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What is bitcoin? What you need to know about cryptocurrency

If you own bitcoin or other cryptocurrencies, it might be a bad day for you.

The price of bitcoin plunged by 15 percent Tuesday morning, dropping below $12,000 for the first time since Dec. 4. Other cryptocurrencies have also seen price declines, with Ethereum falling by 20 percent and Ripple falling by 33 percent. The plunging prices are a stark difference to the success bitcoin saw last month — hitting a record of nearly $20,000 on Dec. 16.

>> On DaytonDailyNews.com: Currency of the future? Some argue it’s bitcoin

As the digital currency bitcoin surges in popularity, curious investors and entrepreneurs alike are watching closely to see what happens with the fluctuating prices. Don’t understand the basics of bitcoin? Here’s what you need to know:

What is bitcoin?

Bitcoin is a cryptocurrency, or a digital token, that can be sent electronically and directly from peer to peer. There is no physical backing and it is a decentralized currency — meaning it is not controlled by any government or banking entity. Bitcoin is the first cryptocurrency ever created, and remains the most popular one to date.

“I tell people it’s a digital currency and it’s a program,” said Jad Mubaslat, Wright State University graduate student and founder of BitQuick.co, a bitcoin trading platform. “For the first time in history, it allows anyone anywhere in the world to send any amount of money instantly. Most importantly, it’s without a third party … like a bank or a government. Now, you can truly send your money without somebody telling you what you can or cannot do.”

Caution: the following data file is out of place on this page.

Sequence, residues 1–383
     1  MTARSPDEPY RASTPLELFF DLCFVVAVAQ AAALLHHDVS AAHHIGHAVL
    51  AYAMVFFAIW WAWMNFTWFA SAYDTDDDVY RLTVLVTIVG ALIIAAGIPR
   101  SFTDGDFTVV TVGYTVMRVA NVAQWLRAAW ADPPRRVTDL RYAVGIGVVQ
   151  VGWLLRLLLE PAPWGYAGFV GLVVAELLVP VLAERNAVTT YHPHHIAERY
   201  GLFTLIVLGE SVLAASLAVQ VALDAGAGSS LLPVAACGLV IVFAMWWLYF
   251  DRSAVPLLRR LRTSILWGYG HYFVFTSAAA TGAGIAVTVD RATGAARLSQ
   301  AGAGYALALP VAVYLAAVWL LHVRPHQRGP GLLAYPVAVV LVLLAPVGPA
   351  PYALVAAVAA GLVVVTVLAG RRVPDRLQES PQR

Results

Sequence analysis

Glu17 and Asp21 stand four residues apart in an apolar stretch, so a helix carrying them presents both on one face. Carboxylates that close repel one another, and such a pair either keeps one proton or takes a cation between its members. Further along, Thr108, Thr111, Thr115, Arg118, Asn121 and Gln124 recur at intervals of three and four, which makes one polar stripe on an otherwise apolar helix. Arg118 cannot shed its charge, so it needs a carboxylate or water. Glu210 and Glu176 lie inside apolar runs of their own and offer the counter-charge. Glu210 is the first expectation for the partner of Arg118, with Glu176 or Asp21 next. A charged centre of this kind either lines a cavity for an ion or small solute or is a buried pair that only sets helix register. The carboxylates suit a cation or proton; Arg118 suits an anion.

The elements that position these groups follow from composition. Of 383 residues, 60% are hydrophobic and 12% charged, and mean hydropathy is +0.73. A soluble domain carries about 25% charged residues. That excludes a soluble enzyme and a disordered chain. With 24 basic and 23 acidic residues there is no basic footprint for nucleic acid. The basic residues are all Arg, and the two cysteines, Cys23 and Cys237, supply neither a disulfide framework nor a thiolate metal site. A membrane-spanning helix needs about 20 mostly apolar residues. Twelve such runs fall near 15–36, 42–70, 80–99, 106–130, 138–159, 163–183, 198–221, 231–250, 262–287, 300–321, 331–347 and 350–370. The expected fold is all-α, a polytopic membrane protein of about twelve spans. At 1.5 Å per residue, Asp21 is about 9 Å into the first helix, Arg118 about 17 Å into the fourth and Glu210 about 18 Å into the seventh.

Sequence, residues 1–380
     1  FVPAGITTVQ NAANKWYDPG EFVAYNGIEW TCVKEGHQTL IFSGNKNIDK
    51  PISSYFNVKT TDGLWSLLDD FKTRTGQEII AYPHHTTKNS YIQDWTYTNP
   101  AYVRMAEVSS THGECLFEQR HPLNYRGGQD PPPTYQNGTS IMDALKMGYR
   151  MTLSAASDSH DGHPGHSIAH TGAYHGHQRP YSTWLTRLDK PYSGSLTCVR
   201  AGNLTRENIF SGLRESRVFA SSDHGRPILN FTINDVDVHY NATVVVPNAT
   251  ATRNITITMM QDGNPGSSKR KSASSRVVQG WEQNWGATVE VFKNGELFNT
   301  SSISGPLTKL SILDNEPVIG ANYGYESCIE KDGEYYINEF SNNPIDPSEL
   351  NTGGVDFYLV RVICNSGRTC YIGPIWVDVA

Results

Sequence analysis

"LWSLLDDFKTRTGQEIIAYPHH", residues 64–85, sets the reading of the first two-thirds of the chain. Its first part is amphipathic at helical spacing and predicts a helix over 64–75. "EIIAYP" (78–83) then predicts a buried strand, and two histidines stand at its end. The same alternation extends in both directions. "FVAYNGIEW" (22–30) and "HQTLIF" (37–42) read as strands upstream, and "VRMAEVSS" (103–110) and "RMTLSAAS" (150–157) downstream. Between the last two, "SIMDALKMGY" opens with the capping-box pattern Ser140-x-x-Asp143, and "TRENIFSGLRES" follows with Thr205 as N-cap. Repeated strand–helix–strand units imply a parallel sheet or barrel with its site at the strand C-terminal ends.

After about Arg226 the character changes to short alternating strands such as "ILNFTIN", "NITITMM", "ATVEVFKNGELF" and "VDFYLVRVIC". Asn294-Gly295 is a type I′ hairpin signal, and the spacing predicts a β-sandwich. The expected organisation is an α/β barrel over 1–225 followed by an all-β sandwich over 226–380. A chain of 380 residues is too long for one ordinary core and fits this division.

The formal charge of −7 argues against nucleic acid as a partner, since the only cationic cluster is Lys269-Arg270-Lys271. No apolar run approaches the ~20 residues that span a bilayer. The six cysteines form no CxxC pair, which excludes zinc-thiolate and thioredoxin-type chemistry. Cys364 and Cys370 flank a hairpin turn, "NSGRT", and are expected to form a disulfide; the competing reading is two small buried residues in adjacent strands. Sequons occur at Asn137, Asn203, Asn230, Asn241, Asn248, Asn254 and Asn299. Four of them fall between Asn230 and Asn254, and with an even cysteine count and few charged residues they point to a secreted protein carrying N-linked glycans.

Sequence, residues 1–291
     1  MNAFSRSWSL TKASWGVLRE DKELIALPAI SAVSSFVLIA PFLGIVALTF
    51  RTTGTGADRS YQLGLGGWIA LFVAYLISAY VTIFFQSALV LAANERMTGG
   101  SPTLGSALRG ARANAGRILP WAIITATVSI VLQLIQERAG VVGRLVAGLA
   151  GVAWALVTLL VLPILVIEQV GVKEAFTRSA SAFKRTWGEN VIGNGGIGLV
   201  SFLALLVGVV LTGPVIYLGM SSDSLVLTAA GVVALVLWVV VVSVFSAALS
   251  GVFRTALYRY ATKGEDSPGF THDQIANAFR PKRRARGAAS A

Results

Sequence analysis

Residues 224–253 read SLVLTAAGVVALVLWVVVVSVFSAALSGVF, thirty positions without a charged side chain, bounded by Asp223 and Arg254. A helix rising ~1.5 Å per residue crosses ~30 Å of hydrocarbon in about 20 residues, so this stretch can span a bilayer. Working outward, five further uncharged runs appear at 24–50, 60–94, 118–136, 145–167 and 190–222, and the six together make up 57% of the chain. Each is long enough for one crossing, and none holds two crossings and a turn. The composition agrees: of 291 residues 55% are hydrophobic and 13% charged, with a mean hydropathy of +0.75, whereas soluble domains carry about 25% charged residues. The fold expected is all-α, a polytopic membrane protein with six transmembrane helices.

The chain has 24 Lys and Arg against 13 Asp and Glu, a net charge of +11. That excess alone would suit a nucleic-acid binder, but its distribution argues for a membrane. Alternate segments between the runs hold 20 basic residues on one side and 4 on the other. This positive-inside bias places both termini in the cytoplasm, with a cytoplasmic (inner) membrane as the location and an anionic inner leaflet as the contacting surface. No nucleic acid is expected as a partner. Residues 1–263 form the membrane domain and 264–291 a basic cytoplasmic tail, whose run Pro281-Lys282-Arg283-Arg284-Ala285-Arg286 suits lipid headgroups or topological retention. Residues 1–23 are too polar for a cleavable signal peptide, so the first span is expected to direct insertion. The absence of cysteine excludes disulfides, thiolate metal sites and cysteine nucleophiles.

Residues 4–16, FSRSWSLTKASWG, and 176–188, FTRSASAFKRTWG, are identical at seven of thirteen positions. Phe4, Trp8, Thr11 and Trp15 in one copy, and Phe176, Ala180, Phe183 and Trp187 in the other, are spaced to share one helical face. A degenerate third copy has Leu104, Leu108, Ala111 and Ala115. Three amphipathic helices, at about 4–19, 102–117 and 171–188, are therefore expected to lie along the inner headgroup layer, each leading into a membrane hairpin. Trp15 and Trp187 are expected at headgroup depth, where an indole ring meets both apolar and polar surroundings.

>> On MyDaytonDailyNews.com: I bought bitcoin. Here’s what I learned

The record of all bitcoin exchanges and transactions are on what is called the blockchain, which is a network of decentralized computers.

How was bitcoin created?

Bitcoin was created by a programmer going by the name Satoshi Nakamoto in 2008. He communicated only through email and social messaging, and no one truly knows Nakamoto’s identity. He released the software globally in 2009, and now anyone can use and download it.

How do you buy bitcoin and other cryptocurrencies?

In the U.S., several websites have popped up where you can buy and sell bitcoin online. One of the most popular websites is Coinbase and others include Mubaslat’s BitQuick.coCoindesk.com and bitcoin.com. Investors can also meet with other bitcoin users in person and trade bitcoin via their virtual wallets on their phones. After meeting another bitcoin user through websites like Craigslist or LocalBitcoin.com, a user simply scans a QR code with another person’s wallet to transfer bitcoin.

Some people prefer to buy bitcoin in person or through a bitcoin ATM because the bitcoin transfer over faster than when they buy it online — it can take up to seven days, and sometimes longer, for bitcoin to show up in a virtual wallet after purchasing it online.

Why do some criminals use cryptocurrency for illegal transactions?

Some criminals use bitcoin because users can open a wallet to send and receive bitcoin without giving a name or identity. There is no bank or central authority, like a government, to control this information. Bitcoin also became a popular method for making ransom payments when a computer system is taken over by ransomware.

>> On DaytonDailyNews.com: How criminals use bitcoin illegally

However, bitcoin is not completely anonymous and transactions can be traced by police through bitcoin trading websites. Other untraceable cryptocurrencies, like Monero, are becoming popular for dark web uses including drug trafficking and human trafficking.